Helping Children to Overcome Social Anxiety in 5 Steps

Social anxiety is a debilitating disorder that can create some difficult obstacles for anyone, let alone children.

As a parent or caregiver, it’s agonising to see your child suffering from such a difficult mental obstacle, and you want to do whatever you can to take away their pain.

Luckily, with childrens’ ability to learn and pick up new skills quickly, by recognising and teaching them coping mechanisms at an early age, they have a greater chance of overcoming it as they approach adulthood.

So we’re going to walk you through social anxiety in childhood and how you can give your child the tools they need to overcome it.

What is social anxiety? 

Social anxiety is a subsection of Generalised Anxiety (GA) in which a person suffers from panic and worry in the face of social situations. It stems from a fear of judgement, rejection, and humiliation from your peers.

Humans, as a race, are predisposed to the need for social acceptance. In days gone by, our ancestors relied on each other to create a community for safety and survival.

This community instinct is still very much engrained in us today.

Needless to say, when social anxiety hits, it can cause a lot of distress. Which is why it’s important to recognise it as soon as possible and seek help if needed. 

Why are kids suffering from social anxiety? 

According to the NHS, social anxiety tends to begin during our teenage years. However, according to Young Minds, 1 in 6 children between six and 16 suffer from a mental disorder. And as the charity correctly points out, that is equivalent to five children per classroom.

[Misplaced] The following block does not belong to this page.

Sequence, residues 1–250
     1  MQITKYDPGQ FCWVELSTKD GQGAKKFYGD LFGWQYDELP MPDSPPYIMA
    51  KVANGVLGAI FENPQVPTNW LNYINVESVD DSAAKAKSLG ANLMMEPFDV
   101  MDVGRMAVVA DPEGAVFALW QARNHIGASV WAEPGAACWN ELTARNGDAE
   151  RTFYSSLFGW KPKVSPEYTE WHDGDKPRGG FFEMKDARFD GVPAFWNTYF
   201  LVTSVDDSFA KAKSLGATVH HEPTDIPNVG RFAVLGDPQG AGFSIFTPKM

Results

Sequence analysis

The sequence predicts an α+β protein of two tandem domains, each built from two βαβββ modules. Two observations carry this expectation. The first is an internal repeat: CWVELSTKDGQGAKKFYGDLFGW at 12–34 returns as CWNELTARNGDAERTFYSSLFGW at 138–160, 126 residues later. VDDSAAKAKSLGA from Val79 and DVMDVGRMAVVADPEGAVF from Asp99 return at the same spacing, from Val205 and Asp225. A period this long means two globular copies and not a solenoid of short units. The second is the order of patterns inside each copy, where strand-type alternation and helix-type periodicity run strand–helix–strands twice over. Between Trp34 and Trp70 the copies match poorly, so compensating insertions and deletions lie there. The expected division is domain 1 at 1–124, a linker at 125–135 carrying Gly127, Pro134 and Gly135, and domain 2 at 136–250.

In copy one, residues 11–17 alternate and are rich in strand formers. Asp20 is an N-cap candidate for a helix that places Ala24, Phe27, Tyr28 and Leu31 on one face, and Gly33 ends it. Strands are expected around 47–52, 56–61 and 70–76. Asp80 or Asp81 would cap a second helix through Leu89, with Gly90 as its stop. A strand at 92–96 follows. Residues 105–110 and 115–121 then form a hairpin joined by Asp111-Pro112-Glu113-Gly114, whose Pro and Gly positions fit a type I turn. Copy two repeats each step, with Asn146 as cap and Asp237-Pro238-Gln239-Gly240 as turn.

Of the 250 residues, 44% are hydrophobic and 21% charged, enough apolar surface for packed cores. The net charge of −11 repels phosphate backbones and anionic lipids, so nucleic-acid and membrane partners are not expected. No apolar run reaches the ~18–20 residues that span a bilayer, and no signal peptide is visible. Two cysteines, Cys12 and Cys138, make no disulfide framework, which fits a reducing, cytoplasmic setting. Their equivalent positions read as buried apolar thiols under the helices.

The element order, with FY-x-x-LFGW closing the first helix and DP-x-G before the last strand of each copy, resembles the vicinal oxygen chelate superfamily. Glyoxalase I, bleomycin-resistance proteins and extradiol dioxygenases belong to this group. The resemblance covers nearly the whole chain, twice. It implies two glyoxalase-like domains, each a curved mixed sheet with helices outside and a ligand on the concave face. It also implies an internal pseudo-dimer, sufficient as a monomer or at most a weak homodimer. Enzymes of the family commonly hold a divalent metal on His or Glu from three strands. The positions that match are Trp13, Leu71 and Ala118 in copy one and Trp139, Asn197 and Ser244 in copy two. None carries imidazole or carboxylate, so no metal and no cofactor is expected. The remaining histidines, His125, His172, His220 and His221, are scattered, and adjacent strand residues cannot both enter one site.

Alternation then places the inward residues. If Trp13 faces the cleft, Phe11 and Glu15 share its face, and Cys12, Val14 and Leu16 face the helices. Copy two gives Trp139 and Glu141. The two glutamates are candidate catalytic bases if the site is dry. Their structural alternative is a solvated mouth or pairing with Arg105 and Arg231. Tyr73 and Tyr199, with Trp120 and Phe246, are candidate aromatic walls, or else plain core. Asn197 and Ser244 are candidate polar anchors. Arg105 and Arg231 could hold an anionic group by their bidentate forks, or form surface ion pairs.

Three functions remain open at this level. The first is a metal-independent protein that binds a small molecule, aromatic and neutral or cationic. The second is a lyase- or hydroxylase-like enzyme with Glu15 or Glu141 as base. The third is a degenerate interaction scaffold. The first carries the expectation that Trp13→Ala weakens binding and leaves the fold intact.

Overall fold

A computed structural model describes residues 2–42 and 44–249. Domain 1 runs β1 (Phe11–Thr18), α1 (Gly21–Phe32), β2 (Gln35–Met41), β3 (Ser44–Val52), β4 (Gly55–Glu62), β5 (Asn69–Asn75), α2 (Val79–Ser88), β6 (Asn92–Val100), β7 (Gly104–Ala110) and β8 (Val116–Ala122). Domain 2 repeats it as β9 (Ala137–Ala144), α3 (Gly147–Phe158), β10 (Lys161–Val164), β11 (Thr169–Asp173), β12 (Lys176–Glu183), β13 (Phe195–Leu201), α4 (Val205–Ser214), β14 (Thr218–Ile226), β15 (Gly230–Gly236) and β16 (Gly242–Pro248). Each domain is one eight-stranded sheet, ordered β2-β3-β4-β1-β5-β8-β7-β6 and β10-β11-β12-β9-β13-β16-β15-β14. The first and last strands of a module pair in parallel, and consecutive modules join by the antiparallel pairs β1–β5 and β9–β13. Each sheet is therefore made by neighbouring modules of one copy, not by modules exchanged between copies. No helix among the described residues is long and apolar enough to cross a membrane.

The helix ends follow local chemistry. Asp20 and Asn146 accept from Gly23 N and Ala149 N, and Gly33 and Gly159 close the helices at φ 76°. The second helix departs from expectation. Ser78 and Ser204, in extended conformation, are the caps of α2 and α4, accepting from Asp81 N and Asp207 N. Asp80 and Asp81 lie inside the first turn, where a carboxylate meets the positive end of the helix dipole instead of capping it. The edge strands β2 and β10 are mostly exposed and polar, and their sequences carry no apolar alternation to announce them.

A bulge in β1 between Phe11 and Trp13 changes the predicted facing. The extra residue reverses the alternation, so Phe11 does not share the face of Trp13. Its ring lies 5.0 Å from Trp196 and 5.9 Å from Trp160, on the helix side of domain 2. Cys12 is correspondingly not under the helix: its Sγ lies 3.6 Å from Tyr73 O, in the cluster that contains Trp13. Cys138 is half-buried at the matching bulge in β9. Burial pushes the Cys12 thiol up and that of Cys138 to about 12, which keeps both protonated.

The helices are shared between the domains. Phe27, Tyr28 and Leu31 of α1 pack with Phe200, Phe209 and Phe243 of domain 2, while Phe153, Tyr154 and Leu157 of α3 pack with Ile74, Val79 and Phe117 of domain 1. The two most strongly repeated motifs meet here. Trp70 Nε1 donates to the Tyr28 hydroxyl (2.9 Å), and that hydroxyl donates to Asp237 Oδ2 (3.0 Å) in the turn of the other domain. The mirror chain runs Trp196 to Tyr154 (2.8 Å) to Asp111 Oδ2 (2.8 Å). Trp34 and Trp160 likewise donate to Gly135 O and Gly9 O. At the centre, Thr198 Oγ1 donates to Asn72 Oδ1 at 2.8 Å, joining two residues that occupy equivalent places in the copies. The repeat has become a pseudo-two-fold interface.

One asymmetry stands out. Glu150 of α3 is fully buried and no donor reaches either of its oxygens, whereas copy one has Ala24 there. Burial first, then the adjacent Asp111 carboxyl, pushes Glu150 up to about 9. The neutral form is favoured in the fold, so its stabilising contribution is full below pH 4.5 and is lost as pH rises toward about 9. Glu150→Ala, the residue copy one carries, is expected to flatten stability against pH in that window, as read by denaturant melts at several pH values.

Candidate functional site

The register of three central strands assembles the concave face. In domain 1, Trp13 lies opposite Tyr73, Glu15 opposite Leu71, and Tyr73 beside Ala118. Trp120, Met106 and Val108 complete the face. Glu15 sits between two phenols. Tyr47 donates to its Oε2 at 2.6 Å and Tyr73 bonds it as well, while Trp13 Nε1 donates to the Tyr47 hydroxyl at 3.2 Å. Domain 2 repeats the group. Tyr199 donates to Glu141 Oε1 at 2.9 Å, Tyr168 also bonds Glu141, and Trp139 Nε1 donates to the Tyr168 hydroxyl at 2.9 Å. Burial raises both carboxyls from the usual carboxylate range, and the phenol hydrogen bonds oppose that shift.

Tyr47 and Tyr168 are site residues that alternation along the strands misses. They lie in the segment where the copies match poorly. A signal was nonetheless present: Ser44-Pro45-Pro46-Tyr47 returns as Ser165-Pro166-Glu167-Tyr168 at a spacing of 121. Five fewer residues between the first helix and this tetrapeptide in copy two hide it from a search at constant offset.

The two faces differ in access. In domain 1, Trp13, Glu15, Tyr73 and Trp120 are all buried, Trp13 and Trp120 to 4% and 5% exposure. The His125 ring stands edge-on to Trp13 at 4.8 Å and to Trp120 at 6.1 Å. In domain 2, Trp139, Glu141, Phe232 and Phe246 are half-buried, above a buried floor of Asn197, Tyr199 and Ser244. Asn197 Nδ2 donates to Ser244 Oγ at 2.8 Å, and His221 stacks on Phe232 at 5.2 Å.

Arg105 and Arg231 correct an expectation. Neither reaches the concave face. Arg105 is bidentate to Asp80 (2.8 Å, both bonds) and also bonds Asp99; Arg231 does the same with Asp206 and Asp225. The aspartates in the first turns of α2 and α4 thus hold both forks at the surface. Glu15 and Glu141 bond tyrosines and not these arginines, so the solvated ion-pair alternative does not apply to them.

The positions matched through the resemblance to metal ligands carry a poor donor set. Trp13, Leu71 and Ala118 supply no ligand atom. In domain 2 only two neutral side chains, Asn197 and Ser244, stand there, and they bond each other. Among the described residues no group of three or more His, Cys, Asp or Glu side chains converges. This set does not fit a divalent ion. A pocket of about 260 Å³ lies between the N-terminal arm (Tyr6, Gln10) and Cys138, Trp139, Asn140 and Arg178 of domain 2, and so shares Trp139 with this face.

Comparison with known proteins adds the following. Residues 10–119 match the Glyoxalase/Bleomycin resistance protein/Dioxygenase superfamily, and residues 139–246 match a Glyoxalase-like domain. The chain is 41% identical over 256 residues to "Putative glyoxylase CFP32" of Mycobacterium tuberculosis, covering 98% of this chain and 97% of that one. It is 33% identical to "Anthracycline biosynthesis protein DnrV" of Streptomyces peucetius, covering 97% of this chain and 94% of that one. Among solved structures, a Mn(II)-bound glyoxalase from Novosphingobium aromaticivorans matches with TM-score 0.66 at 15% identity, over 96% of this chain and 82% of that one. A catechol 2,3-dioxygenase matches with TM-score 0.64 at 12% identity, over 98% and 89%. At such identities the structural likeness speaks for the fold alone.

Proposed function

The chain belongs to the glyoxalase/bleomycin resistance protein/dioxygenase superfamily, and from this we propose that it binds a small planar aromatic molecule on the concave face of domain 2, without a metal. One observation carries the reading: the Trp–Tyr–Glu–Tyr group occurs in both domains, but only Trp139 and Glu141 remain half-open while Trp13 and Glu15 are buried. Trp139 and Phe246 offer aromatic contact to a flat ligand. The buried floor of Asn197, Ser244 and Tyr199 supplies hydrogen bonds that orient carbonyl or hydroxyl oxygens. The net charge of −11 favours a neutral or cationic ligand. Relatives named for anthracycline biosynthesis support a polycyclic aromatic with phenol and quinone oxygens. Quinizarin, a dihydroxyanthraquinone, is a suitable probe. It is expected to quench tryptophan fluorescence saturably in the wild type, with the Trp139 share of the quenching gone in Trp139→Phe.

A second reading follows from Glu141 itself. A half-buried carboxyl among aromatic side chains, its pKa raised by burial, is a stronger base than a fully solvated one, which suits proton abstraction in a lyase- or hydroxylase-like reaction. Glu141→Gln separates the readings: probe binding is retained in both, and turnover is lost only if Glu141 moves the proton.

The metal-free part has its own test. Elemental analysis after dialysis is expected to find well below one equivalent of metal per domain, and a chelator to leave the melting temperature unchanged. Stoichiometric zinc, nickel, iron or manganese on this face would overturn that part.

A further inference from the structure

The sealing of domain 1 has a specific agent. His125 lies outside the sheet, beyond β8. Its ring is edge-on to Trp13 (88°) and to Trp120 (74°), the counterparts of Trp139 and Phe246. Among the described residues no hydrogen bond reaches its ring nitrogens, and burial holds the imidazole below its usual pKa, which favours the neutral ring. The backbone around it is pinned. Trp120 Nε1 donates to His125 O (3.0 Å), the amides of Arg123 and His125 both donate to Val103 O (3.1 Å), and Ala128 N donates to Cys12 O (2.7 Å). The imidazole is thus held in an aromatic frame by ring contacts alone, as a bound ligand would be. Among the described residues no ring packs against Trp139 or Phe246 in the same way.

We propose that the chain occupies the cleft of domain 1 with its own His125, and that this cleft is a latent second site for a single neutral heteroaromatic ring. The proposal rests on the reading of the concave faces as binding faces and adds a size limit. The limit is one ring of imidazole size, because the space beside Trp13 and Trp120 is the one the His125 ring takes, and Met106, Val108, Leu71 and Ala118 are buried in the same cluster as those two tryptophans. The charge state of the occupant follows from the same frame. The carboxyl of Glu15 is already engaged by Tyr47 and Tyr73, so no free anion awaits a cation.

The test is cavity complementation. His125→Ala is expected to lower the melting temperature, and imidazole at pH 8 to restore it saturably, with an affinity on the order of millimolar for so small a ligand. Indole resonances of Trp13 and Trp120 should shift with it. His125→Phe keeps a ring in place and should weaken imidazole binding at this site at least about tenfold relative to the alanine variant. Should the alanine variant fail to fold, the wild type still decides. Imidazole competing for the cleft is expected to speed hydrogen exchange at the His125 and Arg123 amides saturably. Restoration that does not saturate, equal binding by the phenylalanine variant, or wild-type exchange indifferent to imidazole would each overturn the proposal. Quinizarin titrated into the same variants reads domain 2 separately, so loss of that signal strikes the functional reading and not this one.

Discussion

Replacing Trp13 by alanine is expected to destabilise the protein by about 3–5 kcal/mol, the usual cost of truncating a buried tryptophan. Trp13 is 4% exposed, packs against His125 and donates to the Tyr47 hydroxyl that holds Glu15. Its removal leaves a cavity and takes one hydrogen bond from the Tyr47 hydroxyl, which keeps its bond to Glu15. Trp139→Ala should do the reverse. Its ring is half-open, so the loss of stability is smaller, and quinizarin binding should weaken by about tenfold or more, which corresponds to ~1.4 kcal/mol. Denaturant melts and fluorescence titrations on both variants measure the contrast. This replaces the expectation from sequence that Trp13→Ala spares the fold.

So, why are so many children suffering from social anxiety?

Well, there are quite a few culprits.

The first is societal norms and expectations that vastly contrast the reality your child perceives of themselves. Basically, if your child believes they don’t fit in to what is expected of them, it can spark fears of rejection which can lead to social anxiety. This is perpetuated by media commentary on famous people (often role models’) private lives.

Another possible cause is from a lack of positive reinforcement from adults at home and in their closest circles. Children depend on us to let them know that they are doing ok. And if they are constantly told they’re not good enough, they will eventually believe it. And in turn, they believe everyone will see them as unloveable. 

But, perhaps the biggest current culprit of the excessive rise in social anxiety, is due to the Coronavirus pandemic. You see, for all the difficulties we may have had with our jobs, money, etc, the lives of millions of children were turned upside down.

Friends were ripped apart and unable to see each other for months on end. School, a place they had associated with being safe, was suddenly turned into a high-risk building. And they had to very quickly adapt from being in the classroom every day to remote learning.